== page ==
'Remaking' the Genre Cinema of South Asia.

Byline: Zubair Shafiq, Muhammad Muazzam Sharif, Wiqar Malik and Faraz Shafiq

Literature Review

Grant sees the genre movies as "those commercial features films which, through repetition and variation, tell familiar stories with familiar situations." (Grant, 2003, p. XV). AndreBazin and Robert Warshaw introduced the concept of genre through their essays for gangster and western films in 1950s. (Grant, 2003, p. XV). This concept of genre influenced the cinema industries around the world, particularly Hollywood. However, the South Asian film industries remained unexplored, thus faces deprivation for its genre assessment. Some of the literary light has been thrown on Indian cinema whereas, an oblivious eye has been shown towards Pakistani cinema. The current study is a discourse about how South Asian cinema endured the process of making of genre cinema. As mentioned earlier, Indian cinema has been widely discussed under the discourse of its respective genres.

Therefore, considering its close affinity with the Pakistani cinema, this paper will establish a link between both Pakistani and Indian cinema, which are the two most popular cinema industries of South Asia. The fact that Indian cinema and Pakistani cinema were both considered as 'Indian cinema' before the partition of 1947, is an essential part of the research. Rashna Richard(2011) talks about how Bollywood has been taking its prompts from Sanskrit drama and ancient religion text and then interweaved with the fibers of Hollywood. (Richard, 2011, p. 323). Pakistani cinema has gone through the same path with Indian cinema, likewise the restricted homegrown individuality to Bollywood cinema has cleared out its way to Hollywood, South Korean and Hong King Cinema. This "inspiration" (Thomas 1985) supports to adopt the close remakes of the films in Indian style, For instance, Bichoo (Scorpion) by GudduDhanoa.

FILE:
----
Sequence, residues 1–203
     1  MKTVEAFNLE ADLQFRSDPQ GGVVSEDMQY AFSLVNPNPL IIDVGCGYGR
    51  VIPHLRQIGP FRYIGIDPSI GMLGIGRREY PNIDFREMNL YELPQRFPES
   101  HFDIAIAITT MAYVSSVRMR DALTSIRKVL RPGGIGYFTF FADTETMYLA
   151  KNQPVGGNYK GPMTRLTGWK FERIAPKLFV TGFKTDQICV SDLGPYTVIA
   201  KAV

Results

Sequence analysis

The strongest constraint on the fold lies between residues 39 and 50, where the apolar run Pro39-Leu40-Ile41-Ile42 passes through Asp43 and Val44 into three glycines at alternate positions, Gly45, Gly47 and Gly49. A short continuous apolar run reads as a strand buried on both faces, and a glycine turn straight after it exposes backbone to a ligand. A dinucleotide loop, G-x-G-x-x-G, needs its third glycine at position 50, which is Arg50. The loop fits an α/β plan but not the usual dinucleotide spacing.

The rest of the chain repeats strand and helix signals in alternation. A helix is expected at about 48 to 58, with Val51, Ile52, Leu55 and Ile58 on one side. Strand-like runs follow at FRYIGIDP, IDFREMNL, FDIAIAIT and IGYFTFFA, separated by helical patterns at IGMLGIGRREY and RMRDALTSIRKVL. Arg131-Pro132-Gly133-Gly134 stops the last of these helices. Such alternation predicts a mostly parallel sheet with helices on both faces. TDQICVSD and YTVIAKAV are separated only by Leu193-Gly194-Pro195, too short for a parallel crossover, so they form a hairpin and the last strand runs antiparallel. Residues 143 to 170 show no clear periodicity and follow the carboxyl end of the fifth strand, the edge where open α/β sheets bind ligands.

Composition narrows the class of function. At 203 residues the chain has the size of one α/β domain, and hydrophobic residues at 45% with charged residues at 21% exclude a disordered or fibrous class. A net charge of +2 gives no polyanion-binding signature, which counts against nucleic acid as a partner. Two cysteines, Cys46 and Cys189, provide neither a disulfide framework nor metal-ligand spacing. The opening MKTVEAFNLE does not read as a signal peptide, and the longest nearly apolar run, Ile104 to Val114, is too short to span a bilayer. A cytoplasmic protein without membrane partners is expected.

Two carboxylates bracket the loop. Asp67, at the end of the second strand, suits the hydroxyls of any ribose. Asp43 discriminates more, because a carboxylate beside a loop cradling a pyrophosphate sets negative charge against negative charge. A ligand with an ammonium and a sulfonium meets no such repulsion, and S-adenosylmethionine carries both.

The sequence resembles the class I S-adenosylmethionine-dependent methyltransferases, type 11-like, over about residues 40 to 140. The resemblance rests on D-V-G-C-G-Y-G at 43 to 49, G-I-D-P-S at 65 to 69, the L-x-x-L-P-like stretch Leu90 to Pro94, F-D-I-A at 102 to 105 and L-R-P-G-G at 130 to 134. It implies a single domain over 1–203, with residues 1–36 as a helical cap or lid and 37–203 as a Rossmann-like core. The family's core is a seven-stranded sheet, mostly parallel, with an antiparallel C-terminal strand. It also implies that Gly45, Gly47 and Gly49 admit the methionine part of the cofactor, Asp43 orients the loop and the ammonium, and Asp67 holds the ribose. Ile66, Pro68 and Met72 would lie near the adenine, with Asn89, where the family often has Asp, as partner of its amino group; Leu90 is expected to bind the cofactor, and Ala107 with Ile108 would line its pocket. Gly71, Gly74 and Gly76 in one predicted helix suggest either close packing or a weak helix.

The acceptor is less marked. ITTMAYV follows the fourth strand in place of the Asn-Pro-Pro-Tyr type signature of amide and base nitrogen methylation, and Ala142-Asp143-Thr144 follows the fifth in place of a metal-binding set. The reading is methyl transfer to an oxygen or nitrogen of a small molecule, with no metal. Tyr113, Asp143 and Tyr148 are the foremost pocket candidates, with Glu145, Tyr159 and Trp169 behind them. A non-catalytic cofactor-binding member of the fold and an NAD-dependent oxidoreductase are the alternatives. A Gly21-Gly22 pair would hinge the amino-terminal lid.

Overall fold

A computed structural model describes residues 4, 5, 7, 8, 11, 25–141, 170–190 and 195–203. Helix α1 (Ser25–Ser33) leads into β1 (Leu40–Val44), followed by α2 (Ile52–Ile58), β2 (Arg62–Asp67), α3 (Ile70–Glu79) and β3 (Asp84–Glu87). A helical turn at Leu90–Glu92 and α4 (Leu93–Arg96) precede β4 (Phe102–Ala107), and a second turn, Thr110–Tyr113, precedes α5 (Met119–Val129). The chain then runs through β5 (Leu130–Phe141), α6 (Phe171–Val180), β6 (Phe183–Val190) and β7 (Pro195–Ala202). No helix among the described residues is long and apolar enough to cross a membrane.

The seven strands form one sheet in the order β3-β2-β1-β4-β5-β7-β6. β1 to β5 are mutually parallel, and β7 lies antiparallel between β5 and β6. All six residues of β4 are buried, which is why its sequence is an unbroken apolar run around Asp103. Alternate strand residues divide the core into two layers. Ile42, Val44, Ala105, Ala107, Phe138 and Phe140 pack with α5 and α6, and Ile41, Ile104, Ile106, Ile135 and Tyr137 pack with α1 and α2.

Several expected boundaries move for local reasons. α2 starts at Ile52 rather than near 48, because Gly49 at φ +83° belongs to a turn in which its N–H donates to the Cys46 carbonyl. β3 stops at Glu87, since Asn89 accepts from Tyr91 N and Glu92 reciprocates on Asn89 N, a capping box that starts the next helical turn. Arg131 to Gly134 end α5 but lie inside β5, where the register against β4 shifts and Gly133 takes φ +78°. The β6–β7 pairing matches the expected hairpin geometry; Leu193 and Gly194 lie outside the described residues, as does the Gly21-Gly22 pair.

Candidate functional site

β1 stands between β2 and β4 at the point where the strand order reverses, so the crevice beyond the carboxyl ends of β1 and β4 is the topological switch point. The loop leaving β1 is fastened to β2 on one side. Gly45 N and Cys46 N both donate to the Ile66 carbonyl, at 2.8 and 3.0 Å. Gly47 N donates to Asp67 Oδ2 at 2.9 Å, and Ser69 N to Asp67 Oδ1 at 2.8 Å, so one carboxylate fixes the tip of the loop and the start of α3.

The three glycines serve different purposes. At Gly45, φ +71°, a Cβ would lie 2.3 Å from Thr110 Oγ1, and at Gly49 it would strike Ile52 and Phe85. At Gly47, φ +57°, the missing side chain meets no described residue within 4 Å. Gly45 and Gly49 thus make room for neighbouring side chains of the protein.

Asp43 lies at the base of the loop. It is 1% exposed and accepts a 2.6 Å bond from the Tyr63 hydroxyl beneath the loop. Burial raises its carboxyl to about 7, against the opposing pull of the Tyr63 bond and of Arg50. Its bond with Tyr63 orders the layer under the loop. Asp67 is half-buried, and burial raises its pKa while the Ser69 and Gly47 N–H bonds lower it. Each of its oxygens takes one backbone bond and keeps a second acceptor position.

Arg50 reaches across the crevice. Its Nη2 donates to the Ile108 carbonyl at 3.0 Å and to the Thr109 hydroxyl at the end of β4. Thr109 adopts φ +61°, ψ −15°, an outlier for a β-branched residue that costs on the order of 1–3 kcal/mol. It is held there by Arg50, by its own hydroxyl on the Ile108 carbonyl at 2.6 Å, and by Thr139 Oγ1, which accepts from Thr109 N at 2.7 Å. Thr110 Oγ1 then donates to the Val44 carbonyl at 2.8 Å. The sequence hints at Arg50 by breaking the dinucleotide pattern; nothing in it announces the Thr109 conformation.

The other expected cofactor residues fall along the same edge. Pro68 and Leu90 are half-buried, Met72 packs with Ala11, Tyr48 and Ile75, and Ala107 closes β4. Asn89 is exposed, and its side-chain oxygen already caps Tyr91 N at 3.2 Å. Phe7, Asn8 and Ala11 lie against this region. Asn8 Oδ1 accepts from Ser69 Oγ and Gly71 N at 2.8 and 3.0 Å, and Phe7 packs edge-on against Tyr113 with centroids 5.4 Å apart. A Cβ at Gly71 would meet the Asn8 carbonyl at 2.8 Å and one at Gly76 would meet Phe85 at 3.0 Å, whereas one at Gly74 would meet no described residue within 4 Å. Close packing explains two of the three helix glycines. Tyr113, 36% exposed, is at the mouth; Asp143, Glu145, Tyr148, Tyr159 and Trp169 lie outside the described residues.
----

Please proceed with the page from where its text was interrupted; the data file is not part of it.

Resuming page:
The film is a remake of Leon(1994) by Luc Besson, as Leon denotes something as "unacknowledged", or a "disguised" remake. (Verevis, 2006, p. 9). The current formation of remaking process has risen more aspects and facets to the process of remaking. As Sheila J. Nayar and TajeswiniGanti have approached and brought into light the matters of preference and disaffirmance of certain foreign contents to maintain the Indigenous cinema industry. Richards (2011) has also addressed the aspects of cross-culturalism and cultural diversity in her study while explaining remakes of films. (Ganti, 2002; Nayar, 2004). The left-out element in these studies is the influence these non-indigenous genres have, like that of horror and science fiction, on the genre cinema. In the afore-mentioned context, this paper will aim at how the non-indigenous cinema of South Asia has been influenced by the Hollywood cinema's process of remaking.